I was speaking to an audience of about eighty people in a downtown Toronto hotel ballroom during a leadership meeting for a financial services client. In the middle of my presentation, the service door behind me opened; and in walked a hotel employee with a tray of full water pitchers.
Have you ever looked in your refrigerator for something that you know is there, but you just can’t find it? You move the pickles, you take out the mayonnaise, you look behind the leftover meat loaf, but you still can’t see what you’re looking for. Finally, you are hit with a blinding flash of the obvious: you need to clean out the refrigerator!
President John Kennedy understood the incredible power of simplicity and focus, and he used it to help drive the United States of America to accomplish a seemingly impossible goal – putting a man on the moon. In the early 1960’s, for reasons involving the need for progress and the pressures of the cold war with Russia, President John Kennedy and his advisors determined that accomplishing the goal of putting a man on the moon should become a priority for our nation.
Whether it’s your vision, your mission, your family values, or your goals for the year, try and make it 20 words or less. Write it so that a child can understand it. Many people have fallen into the trap of thinking that the more complicated something is, the more effective or powerful or useful it must be. In fact, quite the opposite is true.
Five best-selling authors, Speaker Hall of Fame recipients, internationally-acclaimed business consultants and best buddies give their insights on business and life. Click on the Details button below to hear what these five friends say about how you can finish the year strong.
The value of focus and clarity is as true for a family as it is for a business. A very successful and effective leader for a telecommunications company once told me that he got his belief in the importance of clarity from his father, who had one simple and focused message for his children, which he repeated over and over: “Remember who you are.”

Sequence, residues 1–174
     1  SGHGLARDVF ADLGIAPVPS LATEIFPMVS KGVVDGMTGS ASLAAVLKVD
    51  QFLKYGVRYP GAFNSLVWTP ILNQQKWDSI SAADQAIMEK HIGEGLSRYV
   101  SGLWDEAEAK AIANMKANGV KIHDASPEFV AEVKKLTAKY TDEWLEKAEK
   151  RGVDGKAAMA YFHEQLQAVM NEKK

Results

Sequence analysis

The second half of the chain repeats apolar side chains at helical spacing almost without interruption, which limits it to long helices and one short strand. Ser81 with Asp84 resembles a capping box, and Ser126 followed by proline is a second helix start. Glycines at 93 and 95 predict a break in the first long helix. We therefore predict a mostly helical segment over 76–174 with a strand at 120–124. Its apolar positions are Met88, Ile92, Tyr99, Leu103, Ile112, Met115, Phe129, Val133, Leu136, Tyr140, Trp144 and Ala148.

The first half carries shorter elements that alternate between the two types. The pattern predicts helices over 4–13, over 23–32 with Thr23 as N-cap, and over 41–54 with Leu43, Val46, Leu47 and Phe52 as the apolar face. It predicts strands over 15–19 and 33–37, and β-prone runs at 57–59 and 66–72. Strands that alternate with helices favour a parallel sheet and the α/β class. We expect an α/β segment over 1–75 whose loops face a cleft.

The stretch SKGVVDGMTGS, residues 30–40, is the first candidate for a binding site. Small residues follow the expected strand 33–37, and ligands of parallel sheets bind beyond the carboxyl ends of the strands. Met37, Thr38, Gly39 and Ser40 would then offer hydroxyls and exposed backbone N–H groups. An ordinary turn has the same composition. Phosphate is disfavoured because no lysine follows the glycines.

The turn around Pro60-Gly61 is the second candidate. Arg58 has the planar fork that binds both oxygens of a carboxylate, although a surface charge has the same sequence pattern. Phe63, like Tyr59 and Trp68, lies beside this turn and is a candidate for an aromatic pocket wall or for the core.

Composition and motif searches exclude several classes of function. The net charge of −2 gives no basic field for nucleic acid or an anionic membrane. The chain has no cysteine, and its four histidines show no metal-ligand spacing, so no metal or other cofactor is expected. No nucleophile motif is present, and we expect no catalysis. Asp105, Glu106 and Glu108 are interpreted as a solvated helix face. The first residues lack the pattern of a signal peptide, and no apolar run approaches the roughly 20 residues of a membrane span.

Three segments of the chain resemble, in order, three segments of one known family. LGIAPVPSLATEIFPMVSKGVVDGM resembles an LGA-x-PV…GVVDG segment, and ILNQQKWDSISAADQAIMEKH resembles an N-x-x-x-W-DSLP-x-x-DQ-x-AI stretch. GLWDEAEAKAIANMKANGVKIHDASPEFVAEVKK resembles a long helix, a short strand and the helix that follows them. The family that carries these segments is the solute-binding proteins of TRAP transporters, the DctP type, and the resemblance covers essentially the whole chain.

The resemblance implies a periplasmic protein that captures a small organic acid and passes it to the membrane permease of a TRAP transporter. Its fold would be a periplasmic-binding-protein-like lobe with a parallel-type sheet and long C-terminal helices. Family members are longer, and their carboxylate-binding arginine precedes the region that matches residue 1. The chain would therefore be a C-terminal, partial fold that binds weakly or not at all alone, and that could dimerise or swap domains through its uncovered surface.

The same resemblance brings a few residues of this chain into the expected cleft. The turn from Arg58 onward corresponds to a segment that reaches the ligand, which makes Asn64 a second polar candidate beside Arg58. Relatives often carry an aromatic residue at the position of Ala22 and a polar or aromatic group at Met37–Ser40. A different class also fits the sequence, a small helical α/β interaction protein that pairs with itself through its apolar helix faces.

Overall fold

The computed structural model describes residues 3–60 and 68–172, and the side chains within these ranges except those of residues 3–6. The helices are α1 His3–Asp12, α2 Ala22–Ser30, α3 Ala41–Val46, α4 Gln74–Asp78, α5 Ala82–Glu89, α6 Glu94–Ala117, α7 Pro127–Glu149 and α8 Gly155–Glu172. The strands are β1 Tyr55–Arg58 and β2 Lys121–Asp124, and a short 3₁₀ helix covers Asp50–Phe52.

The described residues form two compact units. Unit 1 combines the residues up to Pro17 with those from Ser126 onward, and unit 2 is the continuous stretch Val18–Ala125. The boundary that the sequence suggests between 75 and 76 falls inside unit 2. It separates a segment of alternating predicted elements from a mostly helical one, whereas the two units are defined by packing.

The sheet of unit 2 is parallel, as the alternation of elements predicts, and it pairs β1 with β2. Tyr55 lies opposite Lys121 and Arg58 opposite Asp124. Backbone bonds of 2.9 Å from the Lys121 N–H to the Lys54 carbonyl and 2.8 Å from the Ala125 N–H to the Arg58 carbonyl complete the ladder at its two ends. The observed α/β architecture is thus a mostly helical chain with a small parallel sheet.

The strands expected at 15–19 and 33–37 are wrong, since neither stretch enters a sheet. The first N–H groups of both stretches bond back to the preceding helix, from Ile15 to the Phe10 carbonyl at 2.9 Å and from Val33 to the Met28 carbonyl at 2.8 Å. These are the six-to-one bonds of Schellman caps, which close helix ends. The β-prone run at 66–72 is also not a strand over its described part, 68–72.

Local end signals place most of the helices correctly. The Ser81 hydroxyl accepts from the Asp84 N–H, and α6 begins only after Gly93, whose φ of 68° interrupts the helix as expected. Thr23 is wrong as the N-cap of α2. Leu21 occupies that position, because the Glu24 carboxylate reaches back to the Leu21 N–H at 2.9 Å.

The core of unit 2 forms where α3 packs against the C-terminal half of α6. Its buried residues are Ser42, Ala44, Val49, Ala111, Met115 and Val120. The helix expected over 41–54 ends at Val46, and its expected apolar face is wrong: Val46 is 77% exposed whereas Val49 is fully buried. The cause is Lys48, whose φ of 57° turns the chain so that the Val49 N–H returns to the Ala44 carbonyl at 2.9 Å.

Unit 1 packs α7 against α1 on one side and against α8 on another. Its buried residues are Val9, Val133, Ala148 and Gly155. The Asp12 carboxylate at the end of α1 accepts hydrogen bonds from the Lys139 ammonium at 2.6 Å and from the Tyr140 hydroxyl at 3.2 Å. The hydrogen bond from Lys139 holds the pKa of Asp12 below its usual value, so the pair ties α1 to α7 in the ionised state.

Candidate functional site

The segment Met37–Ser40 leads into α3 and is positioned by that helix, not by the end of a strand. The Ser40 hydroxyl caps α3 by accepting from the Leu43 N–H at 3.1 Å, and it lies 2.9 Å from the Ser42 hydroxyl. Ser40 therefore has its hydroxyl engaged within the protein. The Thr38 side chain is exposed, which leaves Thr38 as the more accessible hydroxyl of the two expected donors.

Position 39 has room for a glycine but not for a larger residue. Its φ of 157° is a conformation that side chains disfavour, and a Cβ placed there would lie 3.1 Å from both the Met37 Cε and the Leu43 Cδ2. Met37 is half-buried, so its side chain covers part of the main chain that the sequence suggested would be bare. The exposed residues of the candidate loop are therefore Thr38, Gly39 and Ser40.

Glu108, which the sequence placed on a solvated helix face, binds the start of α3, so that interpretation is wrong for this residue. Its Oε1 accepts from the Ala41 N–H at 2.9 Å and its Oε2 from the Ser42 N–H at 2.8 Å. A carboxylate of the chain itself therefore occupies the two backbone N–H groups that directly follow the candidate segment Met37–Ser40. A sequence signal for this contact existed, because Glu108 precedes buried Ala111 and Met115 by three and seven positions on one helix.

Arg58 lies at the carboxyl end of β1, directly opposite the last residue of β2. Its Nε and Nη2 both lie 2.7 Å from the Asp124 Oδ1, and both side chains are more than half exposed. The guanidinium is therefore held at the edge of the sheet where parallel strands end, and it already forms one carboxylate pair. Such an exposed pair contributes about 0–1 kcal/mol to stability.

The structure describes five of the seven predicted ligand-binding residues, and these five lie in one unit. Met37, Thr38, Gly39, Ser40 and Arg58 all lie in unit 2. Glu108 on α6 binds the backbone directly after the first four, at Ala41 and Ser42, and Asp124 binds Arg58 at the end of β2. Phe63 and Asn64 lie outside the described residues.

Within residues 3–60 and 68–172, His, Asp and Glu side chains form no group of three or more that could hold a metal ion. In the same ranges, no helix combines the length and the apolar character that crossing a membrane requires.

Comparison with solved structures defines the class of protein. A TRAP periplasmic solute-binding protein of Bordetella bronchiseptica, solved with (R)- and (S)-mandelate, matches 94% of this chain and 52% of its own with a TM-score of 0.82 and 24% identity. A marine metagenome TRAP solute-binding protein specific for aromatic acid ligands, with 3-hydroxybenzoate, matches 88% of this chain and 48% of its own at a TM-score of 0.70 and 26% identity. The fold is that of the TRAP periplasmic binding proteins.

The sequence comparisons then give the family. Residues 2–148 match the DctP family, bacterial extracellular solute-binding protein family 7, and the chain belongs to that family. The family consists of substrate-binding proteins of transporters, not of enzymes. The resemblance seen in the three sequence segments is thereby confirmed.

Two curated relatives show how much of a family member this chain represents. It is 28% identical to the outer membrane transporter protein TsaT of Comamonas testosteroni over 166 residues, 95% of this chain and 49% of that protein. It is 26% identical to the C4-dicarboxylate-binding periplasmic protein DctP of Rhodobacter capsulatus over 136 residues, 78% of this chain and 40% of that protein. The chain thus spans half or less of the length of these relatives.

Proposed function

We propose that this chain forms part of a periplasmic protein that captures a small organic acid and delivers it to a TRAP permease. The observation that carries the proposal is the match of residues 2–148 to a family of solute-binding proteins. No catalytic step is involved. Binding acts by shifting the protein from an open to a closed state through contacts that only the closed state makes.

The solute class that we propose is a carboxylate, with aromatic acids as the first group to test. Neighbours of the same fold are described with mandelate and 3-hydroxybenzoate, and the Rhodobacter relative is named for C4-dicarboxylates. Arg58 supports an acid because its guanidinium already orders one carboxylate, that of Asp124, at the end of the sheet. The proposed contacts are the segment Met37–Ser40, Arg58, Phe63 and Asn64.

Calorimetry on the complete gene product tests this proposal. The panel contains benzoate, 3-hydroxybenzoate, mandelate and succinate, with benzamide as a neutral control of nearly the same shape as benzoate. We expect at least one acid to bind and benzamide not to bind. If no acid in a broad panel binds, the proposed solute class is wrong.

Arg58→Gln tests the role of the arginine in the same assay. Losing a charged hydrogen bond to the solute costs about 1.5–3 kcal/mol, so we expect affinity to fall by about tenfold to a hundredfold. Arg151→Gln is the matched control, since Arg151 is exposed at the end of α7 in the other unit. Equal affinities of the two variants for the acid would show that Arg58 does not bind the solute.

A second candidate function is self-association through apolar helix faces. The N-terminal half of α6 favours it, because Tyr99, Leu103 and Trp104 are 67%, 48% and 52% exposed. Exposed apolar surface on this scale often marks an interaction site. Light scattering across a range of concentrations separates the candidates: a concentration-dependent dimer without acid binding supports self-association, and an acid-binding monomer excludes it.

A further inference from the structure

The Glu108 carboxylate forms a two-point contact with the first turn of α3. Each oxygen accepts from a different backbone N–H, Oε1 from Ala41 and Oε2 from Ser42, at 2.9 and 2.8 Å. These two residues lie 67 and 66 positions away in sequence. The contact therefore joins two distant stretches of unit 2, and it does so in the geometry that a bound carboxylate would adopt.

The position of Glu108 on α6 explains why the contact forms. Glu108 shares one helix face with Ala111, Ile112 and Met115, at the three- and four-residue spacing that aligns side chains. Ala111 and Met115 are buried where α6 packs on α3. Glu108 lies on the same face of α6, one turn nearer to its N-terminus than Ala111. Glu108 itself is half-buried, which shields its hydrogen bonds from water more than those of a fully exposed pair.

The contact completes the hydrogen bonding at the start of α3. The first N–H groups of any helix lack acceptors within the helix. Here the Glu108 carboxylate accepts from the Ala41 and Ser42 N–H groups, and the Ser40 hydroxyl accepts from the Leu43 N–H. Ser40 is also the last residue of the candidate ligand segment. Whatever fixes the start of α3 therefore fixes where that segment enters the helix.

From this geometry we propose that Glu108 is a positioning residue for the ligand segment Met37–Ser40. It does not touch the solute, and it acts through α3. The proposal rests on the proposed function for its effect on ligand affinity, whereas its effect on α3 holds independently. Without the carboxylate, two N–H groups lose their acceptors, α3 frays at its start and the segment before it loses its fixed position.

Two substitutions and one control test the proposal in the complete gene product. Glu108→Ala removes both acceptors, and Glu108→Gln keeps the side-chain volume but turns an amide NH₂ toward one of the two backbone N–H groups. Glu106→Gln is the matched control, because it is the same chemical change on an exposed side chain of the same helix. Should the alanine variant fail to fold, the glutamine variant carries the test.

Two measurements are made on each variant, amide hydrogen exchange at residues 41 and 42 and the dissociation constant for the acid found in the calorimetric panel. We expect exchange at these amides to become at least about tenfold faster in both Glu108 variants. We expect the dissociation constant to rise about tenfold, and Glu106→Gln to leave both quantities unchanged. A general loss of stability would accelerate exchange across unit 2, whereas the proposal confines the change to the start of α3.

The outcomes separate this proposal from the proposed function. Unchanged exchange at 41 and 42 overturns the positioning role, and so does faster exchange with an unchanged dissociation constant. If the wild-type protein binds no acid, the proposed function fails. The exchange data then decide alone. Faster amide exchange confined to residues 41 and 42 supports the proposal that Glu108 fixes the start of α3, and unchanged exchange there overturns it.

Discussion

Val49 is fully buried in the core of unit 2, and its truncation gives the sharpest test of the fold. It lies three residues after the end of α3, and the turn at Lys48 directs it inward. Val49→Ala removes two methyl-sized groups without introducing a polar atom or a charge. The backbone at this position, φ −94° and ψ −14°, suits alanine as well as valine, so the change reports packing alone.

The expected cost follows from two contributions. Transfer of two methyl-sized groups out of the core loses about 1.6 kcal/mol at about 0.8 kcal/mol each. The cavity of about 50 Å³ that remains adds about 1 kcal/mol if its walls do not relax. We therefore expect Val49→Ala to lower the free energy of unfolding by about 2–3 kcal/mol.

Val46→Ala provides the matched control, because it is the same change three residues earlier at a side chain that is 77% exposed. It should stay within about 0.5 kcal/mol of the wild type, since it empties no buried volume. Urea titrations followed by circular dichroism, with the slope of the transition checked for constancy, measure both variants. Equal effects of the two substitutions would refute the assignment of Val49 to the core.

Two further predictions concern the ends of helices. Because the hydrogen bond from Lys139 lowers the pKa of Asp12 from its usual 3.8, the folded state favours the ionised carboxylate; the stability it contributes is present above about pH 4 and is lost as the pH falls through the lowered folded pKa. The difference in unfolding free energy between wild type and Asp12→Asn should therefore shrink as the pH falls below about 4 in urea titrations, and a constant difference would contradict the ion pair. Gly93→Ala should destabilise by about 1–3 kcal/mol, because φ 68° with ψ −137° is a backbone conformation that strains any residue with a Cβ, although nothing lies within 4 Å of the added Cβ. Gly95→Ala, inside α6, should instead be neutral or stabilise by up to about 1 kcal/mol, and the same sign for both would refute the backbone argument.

One great leader who was a master of simplicity and focus was George C. Marshall, the Secretary of State for President Harry Truman. Almost everyone, no matter what political party they belonged to, had great respect for Marshall. It was said of him that “he could distinguish what was important from what was unimportant, and this made him valuable.”
Great leaders have the ability to simplify and get everyone focused on a shared goal or vision. Years ago I was working with a company that was struggling. The CEO called a meeting of his top leadership team to discuss how to get the company back on track. The CEO’s speech to the team was a tirade of dissatisfaction, frustration, and anger, which he ended by shouting “Every one of you has to go back and get your people on board! That is the most important thing I expect from you, to get everyone on board!”
Five best-selling authors, Speaker Hall of Fame recipients, internationally-acclaimed business consultants and best buddies give their insights on business and life. Click on the Details button below to hear what these five friends say are their favorite meals.
Today at the Five Friends Business Summit, I talked about Sir Peter Blake leading Team New Zealand to successive victories in the America’s Cup yacht competition in 1995 and 2000. The key to this success was that Blake focused the team on one question which they asked about every thing that they did. The question was simply this: “Will it make the boat go faster?”